Child Caring

What seems like procrastination may be something different
By Barbara F. Meltz, Globe Staff, 6/26/2003

Rita Emmett calls herself a recovering procrastinator. She remembers once in high school staying up all night to study for a test. Slowly but surely she whittled the night away, calling friends, sorting through papers, daydreaming, taking breaks, reading a novel.

By morning, she hadn't opened the text.

''That pretty much describes my childhood,'' says Emmett, who lectures nationally on procrastination and is author of ''The Procrastinating Child: A Handbook for Adults to Help Children Stop Putting Things Off'' (Walker).

Procrastination is one of those behaviors endemic to childhood. As parents, we can't make it go away, but we aren't powerless in its wake. The relaxed atmosphere of summer may be just the time to fix problems before they get out of hand again in the next school year.

The trick, say Emmett and other child development specialists, is recognizing that while there definitely are times when children deliberately put off something for no reason other than personal pleasure, there also may be times when what looks like procrastination is something else entirely.

4- to 8-year-olds. Young children are masters at dawdling but they aren't true procrastinators because they have no cognitive understanding of timeliness, says psychologist Lenora Yuen, author of ''Procrastination: Why You Do It and What to Do about It'' (Perseus).

It's strictly the pleasure principle that fuels their delay tactics, she says: ''They like what they are doing and don't want to give it up.''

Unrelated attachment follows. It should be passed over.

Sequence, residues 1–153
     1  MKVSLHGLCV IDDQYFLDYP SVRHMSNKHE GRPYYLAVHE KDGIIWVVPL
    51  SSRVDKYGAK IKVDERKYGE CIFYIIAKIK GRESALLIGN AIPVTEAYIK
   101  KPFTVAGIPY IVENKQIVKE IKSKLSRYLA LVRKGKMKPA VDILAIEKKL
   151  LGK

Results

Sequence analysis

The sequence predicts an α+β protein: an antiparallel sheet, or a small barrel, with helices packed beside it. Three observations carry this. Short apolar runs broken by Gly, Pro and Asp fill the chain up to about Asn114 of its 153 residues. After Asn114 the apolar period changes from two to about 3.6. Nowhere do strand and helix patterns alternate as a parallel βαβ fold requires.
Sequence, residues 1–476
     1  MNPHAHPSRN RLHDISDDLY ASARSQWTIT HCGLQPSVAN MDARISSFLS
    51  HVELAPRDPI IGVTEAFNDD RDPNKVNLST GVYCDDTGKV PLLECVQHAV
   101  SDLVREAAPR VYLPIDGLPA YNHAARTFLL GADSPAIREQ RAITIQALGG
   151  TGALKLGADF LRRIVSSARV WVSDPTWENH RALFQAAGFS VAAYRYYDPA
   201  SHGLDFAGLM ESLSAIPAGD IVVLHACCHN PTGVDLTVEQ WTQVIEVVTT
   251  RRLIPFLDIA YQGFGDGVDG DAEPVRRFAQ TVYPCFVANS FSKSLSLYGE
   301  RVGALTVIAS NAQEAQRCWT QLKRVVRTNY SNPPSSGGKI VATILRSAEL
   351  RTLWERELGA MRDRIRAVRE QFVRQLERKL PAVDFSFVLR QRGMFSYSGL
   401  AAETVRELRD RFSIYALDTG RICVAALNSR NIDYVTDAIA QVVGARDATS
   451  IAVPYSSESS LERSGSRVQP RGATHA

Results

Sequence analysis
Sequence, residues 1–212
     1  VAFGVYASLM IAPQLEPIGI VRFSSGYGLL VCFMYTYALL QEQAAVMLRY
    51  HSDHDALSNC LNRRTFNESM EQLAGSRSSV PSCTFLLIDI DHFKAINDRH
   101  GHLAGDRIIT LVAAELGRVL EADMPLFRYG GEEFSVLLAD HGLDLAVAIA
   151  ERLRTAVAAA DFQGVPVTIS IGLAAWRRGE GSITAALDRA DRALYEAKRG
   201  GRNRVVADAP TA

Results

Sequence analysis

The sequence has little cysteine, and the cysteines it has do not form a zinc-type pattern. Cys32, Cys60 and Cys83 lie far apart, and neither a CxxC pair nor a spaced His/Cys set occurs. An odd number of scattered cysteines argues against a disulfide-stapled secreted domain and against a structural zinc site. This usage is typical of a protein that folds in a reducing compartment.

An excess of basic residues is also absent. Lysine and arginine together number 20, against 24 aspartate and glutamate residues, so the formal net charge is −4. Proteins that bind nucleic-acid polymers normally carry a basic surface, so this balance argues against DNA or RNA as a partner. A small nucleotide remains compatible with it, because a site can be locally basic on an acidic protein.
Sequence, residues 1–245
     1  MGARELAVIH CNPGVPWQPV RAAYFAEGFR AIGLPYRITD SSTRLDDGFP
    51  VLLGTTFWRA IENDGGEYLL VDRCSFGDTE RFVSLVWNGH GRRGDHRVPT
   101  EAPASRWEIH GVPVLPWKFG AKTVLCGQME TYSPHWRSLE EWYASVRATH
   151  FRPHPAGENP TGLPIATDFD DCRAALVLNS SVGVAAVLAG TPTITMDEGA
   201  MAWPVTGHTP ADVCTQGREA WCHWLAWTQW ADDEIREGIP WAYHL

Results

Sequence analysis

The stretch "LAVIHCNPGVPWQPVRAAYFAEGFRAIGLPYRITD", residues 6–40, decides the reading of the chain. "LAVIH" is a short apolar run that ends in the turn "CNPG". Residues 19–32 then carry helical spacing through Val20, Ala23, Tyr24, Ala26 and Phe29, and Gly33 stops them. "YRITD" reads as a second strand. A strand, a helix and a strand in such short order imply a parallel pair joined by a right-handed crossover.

Dawdling may also be a learned response to parents who set consequences (''There'll be no story if you don't pick up your toys!'') but then don't follow through. This child becomes like a gambler, says Yuen: ''He's willing to take his chances that he doesn't need to take you seriously.'' Setting fair expectations and following through consistently is likely to thwart the procrastination.

Rather than nag, scold, or punish a young child who delays, Yuen suggests finding ways to give him a greater sense of control (''Do you want to put your pajamas on before or after your story?''), and to depersonalize the struggle by using a timer (''We need to leave the house in 10 minutes. I'm going to set the timer for five minutes. That way, we'll know we're getting very close to when we have to leave.'') 

Clinical psychologist Linda Budd of St. Paul recalls that from a young age, her youngest child functioned on what the family called ''Kimberly Time.'' ''The more I would try to hurry her up, the more she would slow down,'' says Budd.